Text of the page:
Third part of an Heraldic Trilogy by Hector of the Black Height
In a previous essay (On Arms) I touched on the concept of Achievements of Arms. To recapitulate briefly, an Achievement of Arms is the whole heraldic display, not just the escutcheon (shield-shaped thing) with your device on it. There are elaborate rules, especially in English heraldry, about the shape of the helm over the escutcheon and which way it must point and so on. Fox-Davies expounds on these vital issues for a few score pages in his books, and there are other sources for these rules. These are rules for English heraldry, not for SCA heraldry, however. The SCA (and in particular the Middle Kingdom) is very relaxed about these rules, which allows the budding herald quite a bit of latitude when displaying devices and Arms.
First of all, there's the basic device, which most people seem unaware comes with a bag full of optional extras. When your device is passed by the College of Heralds you may display it along with a helmet, a torse, mantling and a crest. These ornaments outside the device itself are not registered or controlled by the College of Heralds, so within minor limitations you can do as you wish with them. Let's take a look at these bits and pieces.
The helm is just that, a helmet. Unlike English heraldry (where its orientation indicates rank) this can be displayed facing in any direction. While the helm can take any form, it makes sense to have the helm on the Achievement look like the helmet a person owns if the person is a fighter. Note the helm must be a full helm; no Viking skull-caps with nasals! The only sumptuary restriction on helms is that they may be ornamented in gold for Barons, Peers, Royal Peers and Royalty. The rest of the Kingdom has to ornament in silver, I suppose.
The torse is the band of cloth twisted around the forehead of the helm. The mantling is the cloth that hangs off the back of the torse to keep the sun off a fighter's helm and armour. The torse and mantling are in the device's "livery colours", the predominant colour and metal seen in the device. The mantling is usually portrayed blowing artistically in a stiff breeze so the grandeur of the livery can be seen to best effect. This achieves a visual effect much like a badly shot hair product ad on TV.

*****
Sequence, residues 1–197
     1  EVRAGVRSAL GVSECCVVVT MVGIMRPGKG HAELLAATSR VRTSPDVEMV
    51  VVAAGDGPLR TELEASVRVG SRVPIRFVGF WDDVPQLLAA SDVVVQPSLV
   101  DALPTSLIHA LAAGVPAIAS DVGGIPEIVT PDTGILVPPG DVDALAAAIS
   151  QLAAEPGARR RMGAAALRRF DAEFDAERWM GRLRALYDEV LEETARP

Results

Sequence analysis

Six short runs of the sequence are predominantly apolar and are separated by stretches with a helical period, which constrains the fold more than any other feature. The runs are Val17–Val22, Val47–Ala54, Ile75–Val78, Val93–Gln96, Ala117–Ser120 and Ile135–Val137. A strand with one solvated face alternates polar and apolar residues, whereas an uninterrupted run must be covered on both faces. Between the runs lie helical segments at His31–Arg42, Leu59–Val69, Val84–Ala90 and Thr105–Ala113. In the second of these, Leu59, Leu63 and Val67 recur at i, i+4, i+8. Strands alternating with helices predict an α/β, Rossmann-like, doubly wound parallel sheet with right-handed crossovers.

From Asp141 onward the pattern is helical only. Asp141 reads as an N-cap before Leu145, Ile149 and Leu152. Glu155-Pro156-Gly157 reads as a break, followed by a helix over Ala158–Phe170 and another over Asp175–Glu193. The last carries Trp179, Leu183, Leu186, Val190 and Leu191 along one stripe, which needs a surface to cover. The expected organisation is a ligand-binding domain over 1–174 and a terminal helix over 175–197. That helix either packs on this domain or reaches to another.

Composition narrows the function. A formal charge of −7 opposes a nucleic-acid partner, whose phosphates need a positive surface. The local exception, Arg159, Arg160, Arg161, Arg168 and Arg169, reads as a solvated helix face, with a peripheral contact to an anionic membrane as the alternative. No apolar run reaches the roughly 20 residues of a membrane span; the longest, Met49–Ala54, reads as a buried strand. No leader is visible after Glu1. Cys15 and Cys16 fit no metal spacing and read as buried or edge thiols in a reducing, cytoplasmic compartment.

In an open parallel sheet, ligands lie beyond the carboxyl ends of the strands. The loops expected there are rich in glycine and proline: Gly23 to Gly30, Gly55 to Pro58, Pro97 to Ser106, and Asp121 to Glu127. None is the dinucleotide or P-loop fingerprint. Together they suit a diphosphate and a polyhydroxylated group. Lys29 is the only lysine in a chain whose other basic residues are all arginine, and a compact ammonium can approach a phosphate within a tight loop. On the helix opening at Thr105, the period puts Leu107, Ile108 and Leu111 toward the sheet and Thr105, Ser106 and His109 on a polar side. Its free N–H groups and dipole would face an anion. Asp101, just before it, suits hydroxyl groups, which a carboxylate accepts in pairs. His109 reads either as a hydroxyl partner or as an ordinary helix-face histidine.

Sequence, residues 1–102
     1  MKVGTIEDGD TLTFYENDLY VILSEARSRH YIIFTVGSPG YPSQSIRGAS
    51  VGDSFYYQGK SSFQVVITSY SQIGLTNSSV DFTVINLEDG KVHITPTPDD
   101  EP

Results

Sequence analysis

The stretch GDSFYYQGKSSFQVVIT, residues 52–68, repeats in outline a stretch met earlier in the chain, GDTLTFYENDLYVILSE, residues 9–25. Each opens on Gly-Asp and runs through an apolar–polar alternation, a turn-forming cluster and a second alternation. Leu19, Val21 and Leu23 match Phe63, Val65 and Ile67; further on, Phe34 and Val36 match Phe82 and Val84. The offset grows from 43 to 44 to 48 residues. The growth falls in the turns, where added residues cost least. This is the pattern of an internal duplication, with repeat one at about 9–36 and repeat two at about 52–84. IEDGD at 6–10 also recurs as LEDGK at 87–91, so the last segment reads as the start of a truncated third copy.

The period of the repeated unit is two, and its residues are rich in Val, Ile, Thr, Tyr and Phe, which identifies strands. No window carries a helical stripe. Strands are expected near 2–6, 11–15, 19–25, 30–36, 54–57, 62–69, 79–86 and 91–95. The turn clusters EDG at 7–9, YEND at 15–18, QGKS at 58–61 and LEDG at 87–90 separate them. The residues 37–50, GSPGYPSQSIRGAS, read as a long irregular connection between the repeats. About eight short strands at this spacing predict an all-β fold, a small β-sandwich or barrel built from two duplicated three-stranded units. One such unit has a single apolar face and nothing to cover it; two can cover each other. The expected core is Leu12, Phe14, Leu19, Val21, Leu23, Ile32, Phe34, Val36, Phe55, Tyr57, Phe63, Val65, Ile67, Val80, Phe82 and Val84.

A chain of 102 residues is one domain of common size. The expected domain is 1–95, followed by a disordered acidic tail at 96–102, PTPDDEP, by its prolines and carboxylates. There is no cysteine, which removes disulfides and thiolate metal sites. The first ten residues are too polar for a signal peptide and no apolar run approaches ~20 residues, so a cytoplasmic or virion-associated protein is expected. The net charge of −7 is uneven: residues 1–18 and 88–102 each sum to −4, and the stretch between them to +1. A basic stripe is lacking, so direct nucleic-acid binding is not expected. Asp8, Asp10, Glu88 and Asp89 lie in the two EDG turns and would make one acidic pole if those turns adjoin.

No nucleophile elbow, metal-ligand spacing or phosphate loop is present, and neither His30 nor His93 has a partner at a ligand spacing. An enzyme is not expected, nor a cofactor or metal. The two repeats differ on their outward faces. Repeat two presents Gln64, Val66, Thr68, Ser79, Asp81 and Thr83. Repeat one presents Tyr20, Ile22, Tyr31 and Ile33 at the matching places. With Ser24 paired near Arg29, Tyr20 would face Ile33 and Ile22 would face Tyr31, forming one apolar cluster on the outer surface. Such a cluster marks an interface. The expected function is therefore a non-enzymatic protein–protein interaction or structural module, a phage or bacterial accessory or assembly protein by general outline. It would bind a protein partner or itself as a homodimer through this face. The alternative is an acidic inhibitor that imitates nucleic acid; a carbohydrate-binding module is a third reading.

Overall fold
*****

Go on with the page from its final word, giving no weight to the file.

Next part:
Finally there is the crest, which sits on top of the helm and emerges from the torse. The crest can be anything; your principal charge, your registered badge, whatever object catches your fancy that week. There's no registration involved; you can change your crest at a whim. It makes sense to use a crest that isn't somehow associated with someone else locally; that's good manners. In the Middle Kingdom, don't use a dragon in your crest; that's reserved by custom for the Crown to give as a token of a Grant of Arms.
Suddenly the plain old device got fancy in its display, and anyone can add on a helm, torse, mantling and crest. Once you are awarded Arms by the Crown life becomes even more interesting. In the Middle an Armiger (a person awarded Arms) can display those Arms on a compartment, with a single supporter.
A compartment is the little island in space that the device sits on, and the supporter is the person, beast or thing that stands beside the device -- on the compartment -- and holds it up. As with crests, there's no registration and very few rules. In the Middle only Royal Peers (Viscounts and up) may have a dragon as a supporter. Beyond that, you are only limited by your imagination. This is where those coffee-table heraldry texts can be very useful sources of ideas. If you are using a person as a supporter, be careful that you do not display that person incorrectly. It would be inappropriate to have your supporter portrayed as, say, the King wearing the Arms of the Middle. If, as an archer, you wanted to have a supporter dressed in the tabard of an archer from Septentria (i.e. wearing the Baronial badge without further embellishment), that would be acceptable because anyone in the Barony can display that badge.
At the bottom of your compartment you could display a scroll with a motto. Again, mottoes are not resgistered or controlled. This is another opportunity for you to display your imagination (Latin mottoes always go over well and look terribly important).
If you've been in the SCA for a while and have received an award or awards from the Crown or Coronet, your supporter may display those awards, generally by wearing their badges on medallions around his, her or its neck. So in the example cited, above the archer supporting the escutcheon could wear a scarlet tabard with the white bear of Septentria on it. If you as an archer have shot the necessary Royal Rounds to wear a broad arrow badge on your tabard your supporter could display that same insignia.
Finally, if you become a Baron or Baroness, a Peer or a Royal Peer you may add a second supporter. A Territorial Baron or Baroness may have a supporter carrying a banner bearing the arms of his or her Barony. The helms over Barons' and Royal Peers' escutcheons may display their coronets of rank in lieu of a torse.
Creating an Achievement of Arms is an exercise in imagination. There are virtually no restrictions on what you surround your device with. Have fun with creating elegant and spectaular Achievements; heraldry, like the rest of the SCA, is supposed to be fun.
Copyright 1996, 1998 Arthur McLean. All rights reserved.